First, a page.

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Controversial Fassbinder play will not open

Frankfurt's city theater Monday withdrew a controversial play by the late Rainer Werner Fassbinder that has been branded anti-Semitic. The West German film director's play has caused a storm of protest among Frankfurt's Jewish community, which has campaigned to have it banned. The play, which features ``the rich Jew,'' has triggered a national debate as to how much anti-Semitism remains latent in West Germany.

Fassbinder wrote the play in 1975, but 10 previous attempts to perform it were canceled after protests. Jewish protesters occupying the stage of the small Kammerspiel theater in Frankfurt prevented its world premi`ere Oct. 31. City theater director G"unther R"uhle postponed another opening a few days later to let passions cool and to allow time for talks with the Jewish community. He canceled a performance scheduled for last night, stating in a written note that the play would not be performed because o f a need to preserve the peace of the city and secure normal working conditions.

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``Garbage, the City and Death,'' as Fassbinder titled his play, describes the boom in commercial building that erased one of best residential sections in Frankfurt during the early 1970s.

At the time, members of various left-wing protest groups occupied some of the dwellings scheduled for demolition to make room for office buildings, and they were removed only after pitched battles with police. Left-wing propaganda of the time often accused ``Jewish speculators'' of buying up dwellings, tossing out the tenants, and then selling to builders at huge profits.

But critics pointed out that, in the play, while everyone else has a name, the central figure is identified only as ``the rich Jew.'' Furthermore, ``the rich Jew's'' description of himself and his activities could have been lifted from the Nazis' anti-Semitic publication, Der St"urmer. Critics said Fassbinder's figure as written is meant to represent an entire racial group rather than just an individual.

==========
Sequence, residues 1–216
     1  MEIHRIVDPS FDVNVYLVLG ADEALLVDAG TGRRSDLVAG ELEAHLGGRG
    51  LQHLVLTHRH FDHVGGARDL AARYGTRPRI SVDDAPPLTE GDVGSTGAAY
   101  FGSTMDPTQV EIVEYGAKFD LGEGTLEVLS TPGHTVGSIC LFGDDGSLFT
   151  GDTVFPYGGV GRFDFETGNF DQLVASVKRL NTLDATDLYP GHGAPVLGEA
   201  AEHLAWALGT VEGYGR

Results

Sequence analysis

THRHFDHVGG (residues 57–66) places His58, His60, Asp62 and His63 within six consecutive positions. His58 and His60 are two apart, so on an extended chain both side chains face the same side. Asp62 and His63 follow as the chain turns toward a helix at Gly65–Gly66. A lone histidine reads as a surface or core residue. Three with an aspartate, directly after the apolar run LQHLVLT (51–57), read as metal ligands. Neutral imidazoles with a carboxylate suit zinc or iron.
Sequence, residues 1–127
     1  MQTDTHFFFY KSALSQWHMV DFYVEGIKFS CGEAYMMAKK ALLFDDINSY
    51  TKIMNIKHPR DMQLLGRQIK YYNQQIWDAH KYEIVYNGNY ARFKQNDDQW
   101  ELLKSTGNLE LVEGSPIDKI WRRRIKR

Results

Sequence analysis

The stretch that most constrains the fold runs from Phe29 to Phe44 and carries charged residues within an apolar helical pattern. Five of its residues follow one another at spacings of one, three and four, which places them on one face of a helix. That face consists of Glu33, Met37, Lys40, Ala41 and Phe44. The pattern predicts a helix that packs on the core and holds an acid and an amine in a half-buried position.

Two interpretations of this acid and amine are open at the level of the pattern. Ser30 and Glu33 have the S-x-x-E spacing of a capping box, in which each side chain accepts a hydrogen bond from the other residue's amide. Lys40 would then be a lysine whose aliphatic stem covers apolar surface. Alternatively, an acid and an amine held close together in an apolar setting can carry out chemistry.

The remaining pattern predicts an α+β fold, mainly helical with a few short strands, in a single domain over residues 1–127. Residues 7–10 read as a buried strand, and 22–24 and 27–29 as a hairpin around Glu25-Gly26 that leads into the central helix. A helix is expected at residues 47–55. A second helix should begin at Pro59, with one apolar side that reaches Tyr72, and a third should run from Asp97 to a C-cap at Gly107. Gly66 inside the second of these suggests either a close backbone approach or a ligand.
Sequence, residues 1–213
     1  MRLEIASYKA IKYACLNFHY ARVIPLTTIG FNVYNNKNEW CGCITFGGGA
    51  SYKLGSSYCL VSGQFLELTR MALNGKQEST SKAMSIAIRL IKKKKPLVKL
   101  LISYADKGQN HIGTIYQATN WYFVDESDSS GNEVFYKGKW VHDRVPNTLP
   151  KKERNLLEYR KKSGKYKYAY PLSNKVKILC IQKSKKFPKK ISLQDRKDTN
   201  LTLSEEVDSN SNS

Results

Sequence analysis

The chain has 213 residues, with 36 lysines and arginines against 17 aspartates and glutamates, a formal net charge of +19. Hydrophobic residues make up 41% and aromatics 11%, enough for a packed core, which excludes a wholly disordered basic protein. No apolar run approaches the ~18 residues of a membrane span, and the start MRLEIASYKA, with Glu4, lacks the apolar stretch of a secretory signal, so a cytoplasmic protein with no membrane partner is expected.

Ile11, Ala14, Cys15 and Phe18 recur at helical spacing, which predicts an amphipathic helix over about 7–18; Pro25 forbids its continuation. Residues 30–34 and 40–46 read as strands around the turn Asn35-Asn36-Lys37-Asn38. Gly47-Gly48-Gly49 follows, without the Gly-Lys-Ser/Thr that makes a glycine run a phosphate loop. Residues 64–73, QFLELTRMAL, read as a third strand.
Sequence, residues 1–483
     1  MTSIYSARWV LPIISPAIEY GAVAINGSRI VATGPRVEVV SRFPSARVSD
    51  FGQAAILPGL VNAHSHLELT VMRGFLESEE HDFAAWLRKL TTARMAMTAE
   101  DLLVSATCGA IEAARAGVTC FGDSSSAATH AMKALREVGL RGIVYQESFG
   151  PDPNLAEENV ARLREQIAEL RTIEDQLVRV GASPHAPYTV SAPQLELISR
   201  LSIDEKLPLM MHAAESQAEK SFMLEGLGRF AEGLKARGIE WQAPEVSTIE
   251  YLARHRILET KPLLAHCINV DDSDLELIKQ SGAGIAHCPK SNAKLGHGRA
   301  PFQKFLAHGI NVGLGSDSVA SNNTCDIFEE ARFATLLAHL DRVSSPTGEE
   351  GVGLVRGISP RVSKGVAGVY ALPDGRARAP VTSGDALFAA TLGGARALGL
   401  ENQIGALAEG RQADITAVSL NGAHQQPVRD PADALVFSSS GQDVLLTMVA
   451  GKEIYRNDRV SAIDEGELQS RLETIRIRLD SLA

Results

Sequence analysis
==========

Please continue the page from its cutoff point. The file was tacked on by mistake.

Furthermore, a Nazi character in the play complains he can't sleep because ``the rich Jew'' always manages to make him feel guilty. The Nazi says he regrets that ``the rich Jew'' did not die in a gas chamber. Critics complain that none of the other characters in Fassbinder's play counter this statement.

In the view of Jewish protesters, the attempt to perform the play now is linked to Chancellor Helmut Kohl's success in getting President Reagan to lay a wreath at the Bitburg military cemetery, which includes the graves of some SS men, as well as a row that developed at Bergen, after Mr. Reagan's visit there, over an attempt to rename a local street after Anne Frank, the Dutch Jewish girl who died in the nearby Belsen concentration camp.

Michel Friedman, of the Frankfurt Jewish community, said it all sounds to him as if the Germans are trying to overcome or digest their past at the expense of its victims.

The Jews who occupied the Kammerspiel stage in Frankfurt held up a long banner reading ``subsidized anti-Semitism.'' This was a reference to the fact that the theater is wholly owned and operated by the Frankfurt municipality, and therefore that the play is entirely paid for with taxpayers' money.

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Possibly the protests would have been less vehement had anyone suggested performing the Fassbinder play in a privately owned theater. But that has apparently never been considered.

In Germany, however, even the private theaters generally demand and receive state subsidies. This goes back to the days when the scores of princes and dukes all maintained court theaters. The states and cities that took over political power carried on the former cultural traditions.

Many who have read Fassbinder's play describe it as juvenile and filled with violence, sex, and scatological dialogue.

But the quality of the play is hardly any longer at issue. The question is whether the latent anti-Semitism that everyone knows exists in Germany would be least roiled by finally performing the play, or by continuing to ban it.

Werner Holzer, editor of the left-of-center newspaper Frankfurter Rundschau, summed up the situation editorially after one of the demonstrations:

``The depressing thing about the momentary stand of the discussion is that only one group of people really feels good about it: These are the true anti-Semites and the anti-foreigner racists who always look for `evidence' for their attitudes so contemptuous of human beings. If the play is performed, they will understand it as confirming their version of the world. If it is not performed, they will grin and declare that one has once more seen what power the Jews actually have. No one can be pleased with

that outcome.''

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